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Tenacious D

Trammell and Morris made the HOF!

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1 hour ago, Keepleyland2 said:

That's why I would think the Tigers would just book a hotel (if this is their plan I have no idea) in somewhere like Erie. Bus in during the day and bus back that night. 

You mean I would have to take a bus with all you morons?

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12 minutes ago, Gehringer_2 said:

HaHa.

I think it is without doubt true that a lot of why Jack got in were throwback reasons that have nothing to do with statistical performance  measures at all.

1) he played a long time - baseball has always had a soft spot for guys who keep showing up- even near 40. 

2) 3 WS rings.

3) big years at advanced age without an accusation of PED use.

4) Hero of the anti-analytics crowd.

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42 minutes ago, chasfh said:

Are you sure about JAWS? B-R has him 164th whereas Smoltz is listed at 58th:

JAWS  Starting Pitcher (164th):
    44.1 career WAR / 32.8 7yr-peak WAR / 38.4 JAWS
  Average HOF P (out of 62):
    73.9 career WAR / 50.3 7yr-peak WAR / 62.1 JAWS

In fact, Jack isn't even the highest ranking Morris in JAWS. (Ed Morris ranks 162nd.)

I was applying BP's WAR Metric to JAWS where that number came from.

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I think the biggest thing Morris had going for him was the narrative that he was the best pitcher of the 80's (he wasn't).  The big game pitcher image fed off of that narrative as well.  He looked tough.  He got angry.  His moustache could beat up your moustache.

I don't think Moriis got votes because he was somehow a hero of the anti-analytics.  He always had the votes of a large percentage of BBWAA, who presumably are not, or were not, notably pro-analytic as a group.  I don't think this group was pro analytics at all, but I don't think they had a grudge that helped push Jack over the top.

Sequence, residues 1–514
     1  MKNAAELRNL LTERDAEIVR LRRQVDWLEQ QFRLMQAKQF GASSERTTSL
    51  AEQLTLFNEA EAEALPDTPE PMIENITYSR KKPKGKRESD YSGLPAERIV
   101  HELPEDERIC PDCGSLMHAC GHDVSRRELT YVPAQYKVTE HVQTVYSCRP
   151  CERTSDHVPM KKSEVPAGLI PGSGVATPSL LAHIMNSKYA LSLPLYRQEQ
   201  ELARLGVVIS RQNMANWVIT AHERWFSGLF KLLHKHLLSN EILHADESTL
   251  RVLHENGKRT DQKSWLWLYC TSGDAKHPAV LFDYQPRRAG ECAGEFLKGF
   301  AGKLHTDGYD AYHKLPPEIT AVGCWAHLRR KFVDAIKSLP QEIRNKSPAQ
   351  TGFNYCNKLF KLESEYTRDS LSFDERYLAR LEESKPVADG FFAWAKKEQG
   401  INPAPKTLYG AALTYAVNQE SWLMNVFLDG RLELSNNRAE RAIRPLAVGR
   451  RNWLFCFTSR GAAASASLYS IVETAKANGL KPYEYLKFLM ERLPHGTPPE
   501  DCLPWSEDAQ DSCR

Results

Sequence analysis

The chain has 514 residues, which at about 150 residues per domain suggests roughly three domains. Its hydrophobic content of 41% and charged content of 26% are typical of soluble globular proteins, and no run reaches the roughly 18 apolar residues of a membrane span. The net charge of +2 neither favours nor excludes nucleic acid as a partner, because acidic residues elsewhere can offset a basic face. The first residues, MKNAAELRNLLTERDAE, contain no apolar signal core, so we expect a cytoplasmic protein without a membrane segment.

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31 minutes ago, Gehringer_2 said:

HaHa.

I think it is without doubt true that a lot of why Jack got in were throwback reasons that have nothing to do with statistical performance  measures at all.

1) he played a long time - baseball has always had a soft spot for guys who keep showing up- even near 40. 

2) 3 WS rings.

3) big years at advanced age without an accusation of PED use.

Isn't his career arc pretty similar to the stereotypical PED user?

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2 minutes ago, Mr. Bigglesworth said:

I think the biggest thing Morris had going for him was the narrative that he was the best pitcher of the 80's.

I don't think he got votes because he was somehow a hero of the anti-analytics.  He always had the votes of a large percentage of BBWAA, who presumably are not, or were not, notably pro-analytic as a group.

I think it was that one World Series game that preceded the best pitcher of the 80s narrative.  They wanted to put him in the HoF for that along with being a very good pitcher.  He didn't really have HoF stats so they pushed the winningest pitcher of the 80s thing. 

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I had this discussion with a buddy who was a huge Morris fan, and he was able to produce multiple articles from SI and Sport from the 80's written around the premise Jack was the best pitcher in baseball.  A few were late 80's after Clemens was established and Gooden was dominant.

It was insane, frankly, how hard a few of the writers had committed themselves to the Morris train and denigrated his contemporaries to defend their position ('86 World Series proves Clemens he isn't a winner, Gooden was alleged to be running with the wrong crowd, Steib didn't know how to win games, etc.).